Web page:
365 Frugality Tips: Reduce Hot Water Use to Save Money

January 10, 2013
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Day 10: Year of Renewed Frugality

Did you know that when it comes to your energy bills, 90 percent of your utility costs come from heating water? Doesn’t matter if you heat your water with gas, oil, electric or some other method–heating water can be expensive.

With today being National Cut Your Energy Costs Day, I wanted to focus these frugality tips on easy ways you can save energy that will also save you money. And since hot water can drain your energy resources and your wallet, I’m focusing on that solely. (In future YRF posts, I’ll talk about other saving energy tips that also save you money.)

If you live in a house with baseboard heating like I do, you have no choice but to have hot water heating your home. That means that if I crank my thermostat in winter, I’m for sure going to pay more in utilities.

Same thing if you like to linger in a hot shower–bigger bills.

And the laundry you’re doing? Hot water washes gobble up water and raise your energy bills.

So where does that leave you?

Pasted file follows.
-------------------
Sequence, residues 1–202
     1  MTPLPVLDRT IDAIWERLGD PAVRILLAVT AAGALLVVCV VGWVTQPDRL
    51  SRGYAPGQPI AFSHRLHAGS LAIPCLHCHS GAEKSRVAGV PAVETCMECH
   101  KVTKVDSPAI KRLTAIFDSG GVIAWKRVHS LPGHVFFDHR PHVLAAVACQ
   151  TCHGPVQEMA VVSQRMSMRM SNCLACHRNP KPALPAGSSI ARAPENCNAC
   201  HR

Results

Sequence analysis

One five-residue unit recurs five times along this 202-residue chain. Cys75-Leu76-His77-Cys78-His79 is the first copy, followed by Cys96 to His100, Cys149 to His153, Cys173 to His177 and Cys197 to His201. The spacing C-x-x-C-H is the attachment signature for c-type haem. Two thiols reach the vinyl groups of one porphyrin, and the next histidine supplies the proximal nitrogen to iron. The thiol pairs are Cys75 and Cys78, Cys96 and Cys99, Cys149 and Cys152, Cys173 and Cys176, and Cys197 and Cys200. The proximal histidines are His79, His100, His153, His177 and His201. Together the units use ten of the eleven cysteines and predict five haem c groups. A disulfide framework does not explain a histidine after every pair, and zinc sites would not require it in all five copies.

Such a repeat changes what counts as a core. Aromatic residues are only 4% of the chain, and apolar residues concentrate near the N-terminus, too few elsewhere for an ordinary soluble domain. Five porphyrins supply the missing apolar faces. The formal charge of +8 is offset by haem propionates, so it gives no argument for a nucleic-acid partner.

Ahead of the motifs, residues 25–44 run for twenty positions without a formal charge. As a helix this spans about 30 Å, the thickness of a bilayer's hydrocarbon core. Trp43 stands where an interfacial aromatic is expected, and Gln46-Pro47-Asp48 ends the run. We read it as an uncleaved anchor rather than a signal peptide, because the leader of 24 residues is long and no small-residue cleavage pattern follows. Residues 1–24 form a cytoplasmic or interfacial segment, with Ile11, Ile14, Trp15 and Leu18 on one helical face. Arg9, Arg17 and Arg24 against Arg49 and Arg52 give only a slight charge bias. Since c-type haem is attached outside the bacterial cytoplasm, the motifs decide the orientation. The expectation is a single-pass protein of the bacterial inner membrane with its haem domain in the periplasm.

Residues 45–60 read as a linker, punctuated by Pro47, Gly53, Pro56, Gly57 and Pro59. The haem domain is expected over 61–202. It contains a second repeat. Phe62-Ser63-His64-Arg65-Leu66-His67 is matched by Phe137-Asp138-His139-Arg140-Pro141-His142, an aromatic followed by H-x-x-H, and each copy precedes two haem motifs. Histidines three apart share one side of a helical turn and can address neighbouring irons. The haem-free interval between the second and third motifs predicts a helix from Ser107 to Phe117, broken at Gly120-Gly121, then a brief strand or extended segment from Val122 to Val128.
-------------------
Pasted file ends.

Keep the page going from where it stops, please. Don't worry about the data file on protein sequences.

Well, if you’re looking to save energy and money by changing your relationship with how you use hot water, you should do the following:

  • Keep your thermostat low
  • Take shorter showers
  • Wash clothes in cold water
  • Change your dishwasher cycle to minimize hot water use

These are such easy frugality tips to put into practice that not only save you energy but save you money, too. They are green initiatives that could put some green back in your wallet.

Let me know if you’ve found other ways to lower your hot water usage and save money, too.

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3 Responses to 365 Frugality Tips: Reduce Hot Water Use to Save Money

  1. BJ Doan on January 20, 2013 at 6:09 pm

    My husbanc is an elcetricial. He installed a timer box on our 220 hot water heater. We set it to run 3hrs. a day which was about 6pm to 9pm. It brought our power bill down about 10-15.00 less. It has a manually switch on the timer box that you can switch on earlier if you need hot water before the clock turns it on. Our timer was right beside the main breaker box inside the house and easy to acces.

  2. Leah Ingram on January 11, 2013 at 4:18 pm

    That’s awesome! Wish I could do that but I don’t have a separate cut off switch. But what a brilliant idea!

    Leah

  3. Emily on January 11, 2013 at 4:08 pm

    We turn off the water heater at the fusebox most mornings so that it is only on for our morning showers. Still enough hot water to wash dishes; I always use cold water to wash laundry.

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